(This is not in conjunction with other discounts and is not an automatic bank draft that I set up with a voided check. This an automatic payment that you yourself set up yourself with your bank usually online and easy as pie!)



0530 Monday through Friday
(First and second Tuesday of the month are M-16 Workouts at CUMC. Third and fourth Tuesdays are Mt. Fuji Workouts at the U of M)
5:45 PM: Monday through Thursday, 5:30 on Friday.



First of all, find me on Facebook and make me your friend. (Also, be sure to “like” USMC Fitness BOOT CAMP on Facebook.)

Here’s how the discount works!

It’s simple: make a Facebook status update and get a discount!

For every status update that you make that references:
“USMC Fitness Boot Camp,”
“Sgt. Tony’s Boot Camp,”
“Tony’s Boot Camp,”
or something similar, (there are fake boot camps out there) you can take $2.50 off your next reenlistment fee for each update!

You can take up to $20 off for any given month!

Your status update has to be a specific reference to USMC Fitness BOOT CAMP or to me specifically by name.


You can do the same thing by “checking in” at USMC Fitness Boot Camp either by using Facebook “places,” Foursquare, or any of the other “check in” apps that show up on your Facebook News Feed.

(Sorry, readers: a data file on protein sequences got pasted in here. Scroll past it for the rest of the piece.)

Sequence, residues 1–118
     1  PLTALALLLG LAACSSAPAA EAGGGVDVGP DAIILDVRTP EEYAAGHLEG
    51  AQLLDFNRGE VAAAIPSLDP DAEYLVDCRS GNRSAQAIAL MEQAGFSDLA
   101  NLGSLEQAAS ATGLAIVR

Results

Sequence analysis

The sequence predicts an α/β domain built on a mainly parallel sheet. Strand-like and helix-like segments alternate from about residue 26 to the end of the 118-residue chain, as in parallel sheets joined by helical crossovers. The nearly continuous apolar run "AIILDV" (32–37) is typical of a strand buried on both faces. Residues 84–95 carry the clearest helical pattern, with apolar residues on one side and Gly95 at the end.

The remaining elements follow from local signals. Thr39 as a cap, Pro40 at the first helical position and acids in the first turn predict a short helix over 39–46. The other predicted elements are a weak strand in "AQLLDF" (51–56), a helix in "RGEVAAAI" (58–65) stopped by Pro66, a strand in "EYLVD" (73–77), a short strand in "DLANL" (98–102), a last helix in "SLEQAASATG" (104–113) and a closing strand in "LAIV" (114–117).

So log on and start getting your discounts now!


Q. How can I get up in the morning on a consistent basis?A. Contrary to what many think, I am NOT a morning person. I have to be “dynamited” out of the bed! Here are some tips to help you get going in the morning:
1. Use two alarm clocks. I have a snooze alarm that starts going off several minutes before I intend to get up. Then I have a “Last Call” alarm clock that is located across the room. This alarm clock is set to go off when I MUST get up.
2. Once the last call alarm goes off, the bed becomes OFF LIMITS! Get moving!
3. Get out of bed, turn off the alarm clock, and start turning on lights all through the house. Turn the TV on!
4. Lay out your clothes the night before. Don’t go wandering around the house in the morning trying to find your left shoe and your favorite shorts. So, have things ready the night before.


What would you do if money was not an issue, fear was not a factor, and failure was not an option?

To your optimum health and fitness!



Sergeant Major Tony Ludlow

USMC Fitness BOOT CAMP, Commanding
Mailing address: 4888 Southern Ave., Memphis, TN 38117
Cell Phone: 901-644-0145